Use Hibernate to implement soft deletion

When we do the project, we often encounter such a demand: the user wants to delete the data is not really from the physical file to delete the record but mark the record, the next time to check only those who only check Marked as deleted records, that is, we often say “false delete”. The reason for this is because the user wants to keep the history of the data as much as possible for future tracing, or the existing records associated with the data of other tables, if deleted will lead to data integrity issues. In general, there are two ways to achieve soft deletion, the first is to delete the record written to the audit log or transferred to other tables, this has some limitations, after the view is not convenient, and even And other tables to re-establish the relationship between the more trouble; another way is to add an additional field for the table, such as Boolean, enumeration to represent the status of the data. The following is to use Hibernate to achieve the second way to achieve the soft deletion.

To achieve soft removal, we need to overcome two difficulties:

  • When you encounter delete operations, we need to let Hibernate does not generate DELETE statement, but generate UPDATE statement and update the corresponding status field
  • When doing any queries, we want Hibernate to automatically filter out the data based on the flag field, because our system usually has a large number of query methods, if there is no automatic mechanism, then we need to add all the query methods filter conditions, obviously Very troublesome is also prone to error, if the leak will be exposed to the data.

Here are the code to demonstrate how to achieve the soft delete, the demo environment is: JPA / Hibernate 5.2.6.Final, MySQL 5.6.26, the project specific configuration is as follows:

Java <dependencies> <dependency> <groupId>org.hibernate</groupId> <artifactId>hibernate-core</artifactId> <version>5.2.6.Final</version> </dependency> <dependency> <groupId>mysql</groupId> <artifactId>mysql-connector-java</artifactId> <version>5.1.40</version> </dependency> <dependency> <groupId>org.slf4j</groupId> <artifactId>slf4j-api</artifactId> <version>1.7.22</version> </dependency> <dependency> <groupId>ch.qos.logback</groupId> <artifactId>logback-classic</artifactId> <version>1.1.8</version> </dependency> </dependencies>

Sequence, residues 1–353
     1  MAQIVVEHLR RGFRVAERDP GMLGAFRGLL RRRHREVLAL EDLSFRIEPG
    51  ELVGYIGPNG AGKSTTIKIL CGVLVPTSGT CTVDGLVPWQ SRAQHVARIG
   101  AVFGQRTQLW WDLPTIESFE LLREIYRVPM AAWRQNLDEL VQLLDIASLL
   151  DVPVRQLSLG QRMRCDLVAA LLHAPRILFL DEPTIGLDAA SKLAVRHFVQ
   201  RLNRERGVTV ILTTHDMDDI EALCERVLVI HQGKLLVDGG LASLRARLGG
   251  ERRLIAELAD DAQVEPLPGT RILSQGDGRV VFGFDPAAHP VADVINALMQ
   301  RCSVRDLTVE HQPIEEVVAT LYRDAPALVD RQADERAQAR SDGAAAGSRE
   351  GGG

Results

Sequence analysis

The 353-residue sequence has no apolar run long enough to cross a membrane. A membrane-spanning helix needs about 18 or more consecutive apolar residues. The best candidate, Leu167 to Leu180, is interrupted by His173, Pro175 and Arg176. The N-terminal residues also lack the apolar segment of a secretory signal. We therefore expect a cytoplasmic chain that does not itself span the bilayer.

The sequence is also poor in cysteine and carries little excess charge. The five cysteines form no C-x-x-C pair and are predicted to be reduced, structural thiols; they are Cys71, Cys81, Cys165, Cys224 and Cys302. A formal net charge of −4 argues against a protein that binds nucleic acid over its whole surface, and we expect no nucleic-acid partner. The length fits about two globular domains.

1 2 3 4 5 6 7 8 9 10 11 12 13 14 15 16 17 18 19 20 21 22 <dependencies>      <dependency>          <groupId> org . hibernate < / groupId >          <artifactId> hibernate core < / artifactId >          <version> 5.2.6.Final < / version >      < / dependency >      <dependency>        <groupId> mysql < / groupId >          <artifactId> mysql connector java < / artifactId >          <version> 5.1.40 < / version >      < / dependency >      <dependency>          <groupId> org . slf4j < / groupId >          <artifactId> slf4j api < / artifactId >          <version> 1.7.22 < / version >      < / dependency >      <dependency>          <groupId> ch . qos . logback < / groupId >          <artifactId> logback classic < / artifactId >          <version> 1.1.8 < / version >      < / dependency > < / dependencies >

First we define a simple entity Student class:

Java @Entity @Table (name = “student”) public class Student {/ ** * primary key * / @Id @GeneratedValue (strategy = GenerationType.IDENTITY) private Integer id; / ** * name * / @Column (name = name_ “, length = 20) private String name; / ** * whether to delete (flag bit) * / @Column (name =” is_deleted_ “) private Boolean isDeleted;}